Although lower courts had struck down that version too, SCOTUS allowed the ban to take effect while it considered the case. Then, of course, it considered the case and upheld the ban. The decision went 5-4 and aligned exactly as you’d expect: Chief Justice Roberts and Justices Thomas, Kennedy, Alito, and Gorsuch found in favor of the ban, while the liberal wing of the Court—Justices Sotomayor, Kagan, Ginsburg, and Breyer—dissented.

At its root, Trump v. Hawaii is about the limits of Trump’s executive power: Is it permissible for him to issue an executive order barring certain people from coming to the United States? And does it matter that he went on record multiple times calling for the ban explicitly in terms of barring Muslims from the United States because they’re uniquely dangerous in some fashion?

Chief Justice John Roberts answered “yes” to the first question, and “no” to the second. Both answers are wrong.

First, Trump simply doesn’t have the power, under the Immigration and Nationality Act, to enact such a sweeping order. That law prohibits the government from refusing to issue a visa to an immigrant on the basis of their nationality. Never mind, says Roberts, breezily shifting to saying that it’s just fine, because our national security interests are at stake. However, as Justice Sotomayor points out in her dissent, it’s never quite clear what that national security interest is. It really can’t be stopping terrorism, because the eight countries included in the ban generally aren’t the ones from which terrorists that target the United States hail. (And if we were really concerned about terrorism within our borders, we’d ban white men with guns.)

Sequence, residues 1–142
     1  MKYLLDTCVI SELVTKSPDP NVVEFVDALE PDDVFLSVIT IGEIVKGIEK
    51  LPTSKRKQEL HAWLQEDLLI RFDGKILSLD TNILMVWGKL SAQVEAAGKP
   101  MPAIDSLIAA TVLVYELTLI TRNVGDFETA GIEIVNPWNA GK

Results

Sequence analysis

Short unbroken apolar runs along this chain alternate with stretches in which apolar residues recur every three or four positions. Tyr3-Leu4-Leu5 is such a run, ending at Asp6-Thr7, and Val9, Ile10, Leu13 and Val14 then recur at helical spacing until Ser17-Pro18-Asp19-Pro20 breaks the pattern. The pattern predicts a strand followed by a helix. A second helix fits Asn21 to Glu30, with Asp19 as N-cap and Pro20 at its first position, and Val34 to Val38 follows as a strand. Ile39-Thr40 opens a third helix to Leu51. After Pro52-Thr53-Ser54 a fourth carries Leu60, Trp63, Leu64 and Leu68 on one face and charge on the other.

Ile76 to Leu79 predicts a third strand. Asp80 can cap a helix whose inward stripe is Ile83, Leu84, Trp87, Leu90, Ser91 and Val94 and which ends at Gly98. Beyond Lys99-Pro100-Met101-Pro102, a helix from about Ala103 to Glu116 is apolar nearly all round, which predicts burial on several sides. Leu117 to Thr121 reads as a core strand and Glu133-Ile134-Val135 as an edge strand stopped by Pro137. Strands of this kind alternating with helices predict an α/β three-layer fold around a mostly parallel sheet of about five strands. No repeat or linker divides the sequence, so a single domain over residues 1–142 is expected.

Once you knock that flimsy excuse down, it becomes clear what is really at issue here: outright bigotry and hatred of Muslims.

Trump has never tried to hide that bigotry. He ran on a platform of that hatred. But Roberts and company wave that away too, saying that the president’s statements about Muslims and the ban are irrelevant and that we should just ignore the fact that Trump’s motivation in enacting the ban is to harm one particular religious group.

Here, Chief Justice Roberts doesn’t just buy the lies of the Trump administration. He becomes complicit in those lies. He tells Americans that what we have heard from Trump just doesn’t matter. He tells us to ignore the parallels between this bigoted exclusion of a class of people and the horrifying decision in Korematsu v. United States, which held that it was permissible for the United States to imprison Japanese-Americans during World War II. He tells us that the only truth is Trump’s truth.

Lying is also at the heart of the other case decided on Tuesday, National Institute of Family and Life Advocates (NIFLA) v. Becerra. In that case, a group of crisis pregnancy centers (CPCs) sued the state of California over the state’s Reproductive FACT Act, which required all licensed health-care facilities to provide information about public programs for free or low-cost family-planning services, including abortion. CPCs prey upon people seeking reproductive health-care services by pretending that they provide those services, when in actuality they’re generally unlicensed facilities that provide little more than ultrasounds and attempts to coerce people to choose not to have an abortion.